By the end of the year Vauxhall expects to have held a 9.7% share of the LCV market, with the new Corsavan, Combo, Astravan, Brava pick-up and Arena - the latter, like the Movano, a rebadged Renault.
Following the introduction of the Movano and revitalisation of its van network - those going the heavy van route will also have to provide customer loan vehicles and invest in new specialist workshop equipment and tools and prominent Vauxhall Van corporate signage - Vauxhall plans that share to have grown to 13.3%, about 28,850 units, by the end of 1999.
Movano, of which 4,000 examples will be sold next year in Britain, marks the start of a six-year programme designed to give Vauxhall at least 18% of the LCV market. The next major step will be another joint venture project with Renault - an Arena/Trafic 2.5-2.8-tonne replacement due in 2001 and to be built at the IBC production line in Luton. The companies are 'in discussion' about the entire engine portfolio, although Vauxhall refused to comment on whether use of the acclaimed 2.2-litre ECOTEC direct injection turbodiesel featured in the new Frontera 4x4 was included in the discussion.
At the Movano's European press launch in France last week, Vauxhall Vans marketing manager Darren Payne was asked why a fleet operator should buy a Movano instead of a Renault Master - the same vehicle, with similar options, but the former wearing a Vauxhall badge and V-grille, new seat material, GM instruments, and a different stereo, and likely to be priced similarly.
Payne said Vauxhall's trump card was a new customer service package, and added that Master was not its only potential rival. 'Our increased commitment in the light commercial vehicle area is not limited to the introduction of new products and a revitalised franchise. Just introducing a new product is not enough,' he said. 'The third central part of our strategy is a customer service package which will be backed by all the Vauxhall Van dealers in the UK and by 650 Opel dealers throughout Europe.'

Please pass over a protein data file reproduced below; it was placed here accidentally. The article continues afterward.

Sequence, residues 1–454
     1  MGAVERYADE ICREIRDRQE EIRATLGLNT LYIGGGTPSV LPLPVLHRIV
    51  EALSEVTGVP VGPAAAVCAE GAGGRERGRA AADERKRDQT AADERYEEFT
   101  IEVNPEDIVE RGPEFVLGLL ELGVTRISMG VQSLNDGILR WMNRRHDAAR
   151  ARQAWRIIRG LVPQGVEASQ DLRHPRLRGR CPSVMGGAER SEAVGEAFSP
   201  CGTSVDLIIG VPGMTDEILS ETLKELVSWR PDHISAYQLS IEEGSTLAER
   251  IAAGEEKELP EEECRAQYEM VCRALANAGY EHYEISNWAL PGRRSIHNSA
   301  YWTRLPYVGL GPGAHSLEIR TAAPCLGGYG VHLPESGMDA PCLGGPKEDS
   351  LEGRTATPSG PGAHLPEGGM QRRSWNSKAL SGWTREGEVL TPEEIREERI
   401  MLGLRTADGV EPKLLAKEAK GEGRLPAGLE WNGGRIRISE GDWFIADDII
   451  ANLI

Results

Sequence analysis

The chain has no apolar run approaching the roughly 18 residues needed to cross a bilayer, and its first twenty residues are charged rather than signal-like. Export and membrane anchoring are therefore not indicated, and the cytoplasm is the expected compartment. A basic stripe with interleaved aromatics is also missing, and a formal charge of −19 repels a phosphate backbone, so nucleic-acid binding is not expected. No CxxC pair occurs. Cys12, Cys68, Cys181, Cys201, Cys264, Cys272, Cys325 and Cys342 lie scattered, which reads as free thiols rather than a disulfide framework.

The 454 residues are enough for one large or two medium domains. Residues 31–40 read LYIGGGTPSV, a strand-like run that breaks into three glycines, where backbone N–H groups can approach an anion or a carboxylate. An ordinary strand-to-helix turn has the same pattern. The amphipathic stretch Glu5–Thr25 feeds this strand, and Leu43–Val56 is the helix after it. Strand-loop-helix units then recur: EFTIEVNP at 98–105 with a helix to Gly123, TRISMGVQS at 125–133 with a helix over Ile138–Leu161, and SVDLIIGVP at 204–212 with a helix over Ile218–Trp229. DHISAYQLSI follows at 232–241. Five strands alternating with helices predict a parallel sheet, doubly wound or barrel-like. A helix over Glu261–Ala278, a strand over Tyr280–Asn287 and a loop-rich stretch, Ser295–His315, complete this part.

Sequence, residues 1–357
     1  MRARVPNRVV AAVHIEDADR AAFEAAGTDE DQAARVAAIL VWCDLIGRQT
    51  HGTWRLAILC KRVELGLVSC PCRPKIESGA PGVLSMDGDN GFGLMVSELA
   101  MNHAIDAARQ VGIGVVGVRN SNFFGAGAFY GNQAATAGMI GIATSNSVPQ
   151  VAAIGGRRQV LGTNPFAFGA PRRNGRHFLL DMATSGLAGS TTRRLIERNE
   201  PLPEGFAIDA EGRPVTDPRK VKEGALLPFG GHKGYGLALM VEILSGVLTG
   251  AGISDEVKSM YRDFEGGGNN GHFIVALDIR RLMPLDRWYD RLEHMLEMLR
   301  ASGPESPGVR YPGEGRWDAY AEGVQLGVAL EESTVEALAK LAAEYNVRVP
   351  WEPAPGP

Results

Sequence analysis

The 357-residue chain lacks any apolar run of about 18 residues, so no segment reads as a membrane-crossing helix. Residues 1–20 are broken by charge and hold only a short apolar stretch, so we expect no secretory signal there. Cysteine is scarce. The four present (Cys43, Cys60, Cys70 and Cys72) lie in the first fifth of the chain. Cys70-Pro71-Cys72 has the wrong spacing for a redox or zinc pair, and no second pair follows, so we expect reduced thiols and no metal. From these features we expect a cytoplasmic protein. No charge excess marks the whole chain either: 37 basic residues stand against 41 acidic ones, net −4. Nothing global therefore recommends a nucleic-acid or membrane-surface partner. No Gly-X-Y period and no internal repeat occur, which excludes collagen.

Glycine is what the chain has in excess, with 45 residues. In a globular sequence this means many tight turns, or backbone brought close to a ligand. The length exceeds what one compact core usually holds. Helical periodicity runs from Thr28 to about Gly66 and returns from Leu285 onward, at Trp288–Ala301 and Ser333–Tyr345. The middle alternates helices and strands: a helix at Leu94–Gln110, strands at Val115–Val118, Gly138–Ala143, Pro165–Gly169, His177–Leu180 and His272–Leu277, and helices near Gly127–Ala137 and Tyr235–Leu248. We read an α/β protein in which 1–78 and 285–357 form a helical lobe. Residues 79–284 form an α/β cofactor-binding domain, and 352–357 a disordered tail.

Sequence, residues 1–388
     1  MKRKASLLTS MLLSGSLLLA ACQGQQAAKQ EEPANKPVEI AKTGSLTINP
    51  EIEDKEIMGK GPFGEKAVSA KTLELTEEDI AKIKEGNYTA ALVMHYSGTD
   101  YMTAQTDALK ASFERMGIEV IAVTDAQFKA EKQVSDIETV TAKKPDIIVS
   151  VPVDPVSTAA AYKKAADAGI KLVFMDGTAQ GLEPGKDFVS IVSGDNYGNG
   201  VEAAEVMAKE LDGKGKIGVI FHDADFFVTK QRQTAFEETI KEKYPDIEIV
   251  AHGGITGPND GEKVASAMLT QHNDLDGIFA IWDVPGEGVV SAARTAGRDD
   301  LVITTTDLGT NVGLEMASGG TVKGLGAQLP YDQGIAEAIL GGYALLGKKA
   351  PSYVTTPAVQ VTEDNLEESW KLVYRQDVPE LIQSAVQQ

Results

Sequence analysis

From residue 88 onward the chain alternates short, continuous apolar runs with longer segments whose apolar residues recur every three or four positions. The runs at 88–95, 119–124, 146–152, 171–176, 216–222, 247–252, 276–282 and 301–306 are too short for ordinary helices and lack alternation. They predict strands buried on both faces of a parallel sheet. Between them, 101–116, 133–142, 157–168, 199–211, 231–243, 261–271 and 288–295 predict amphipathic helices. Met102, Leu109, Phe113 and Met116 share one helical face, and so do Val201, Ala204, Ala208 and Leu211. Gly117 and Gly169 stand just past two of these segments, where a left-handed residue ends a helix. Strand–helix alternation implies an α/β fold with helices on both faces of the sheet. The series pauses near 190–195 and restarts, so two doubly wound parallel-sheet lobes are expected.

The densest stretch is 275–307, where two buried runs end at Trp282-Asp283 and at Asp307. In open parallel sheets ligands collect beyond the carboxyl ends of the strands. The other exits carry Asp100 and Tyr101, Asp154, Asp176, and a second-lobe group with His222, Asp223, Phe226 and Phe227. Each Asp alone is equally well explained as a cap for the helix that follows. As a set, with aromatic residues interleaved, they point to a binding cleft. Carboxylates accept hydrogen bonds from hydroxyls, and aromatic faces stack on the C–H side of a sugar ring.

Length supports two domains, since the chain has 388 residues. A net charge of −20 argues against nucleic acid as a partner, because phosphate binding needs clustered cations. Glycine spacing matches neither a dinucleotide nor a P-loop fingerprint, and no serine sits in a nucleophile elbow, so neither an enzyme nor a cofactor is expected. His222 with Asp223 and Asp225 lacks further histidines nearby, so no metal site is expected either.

The package allows Movano owners to bring their van to any Vauxhall Van dealer without an appointment 'for immediate attention'. They will also have the use of a dedicated service phone line to ask technical questions without having to visit a dealer. Naturally, says Vauxhall, pricing will be 'competitive', but the company won't announce the structure before mid-December. The cheapest Master, for instance, is a short wheelbase low-roof 2.5-litre diesel van at £12,900, excluding VAT, the most expensive standard Master being the LWB high-roof 2.8 turbodiesel van at £19,600. Ford Transit 2.5D prices start at £11,900.
A 12-month, extendible, warranty will be offered (the company says it would react if other manufacturers introduced longer, standard warranties), along with a three-year Vauxhall Assistance breakdown and recovery package. Major service intervals are at 15,000 miles.
The 2.8-3.5 tonne sector has the best growth in LCVs, and industry experts predict continued growth across Europe - where the Master is the van of the year.
The partnership deal in effect gives Renault additional volume through its Movano plant at the possible expense of loss of sales in Britain (a spokesman for the French manufacturer, however, said the companies had very different sales focuses and Renault was 'not unduly worried by the Movano').
What Vauxhall gets is a successful, tried and trusted product to help it safely on to the first rung of the LCV comeback ladder. As with Master, Movano operators will have the option of 80bhp 2.5-litre and 115bhp 2.8-litre diesel engines, the latter a turbo, with three wheelbases and three roof heights over eight basic van versions, three chassis cabs and seven conversions, among them a dropside, tipper, box body and a Luton. A network of approved key converters is to be announced.
We've test-driven several versions of the Master and rate it one of the best in the 2.8-3.5-tonne bracket. Last week we drove a selection of 2.5 and 2.8-litre UK-specification, right-hand-drive Movano vans in and around Paris and can report that the change of badging, grille, fabrics and radio has done nothing to detract from the overall Renault-built package of drivability, reliability and versatility.
Pricing aside, Vauxhall expects fleet operators to notice the difference at service level, where the company has built a strong reputation in cars and in lighter vans. The Movano may be a product of convenience, but it is one which sets particularly high standards on which Vauxhall can rebuild a UK van base - and perhaps, ultimately, a new range of UK-built vans.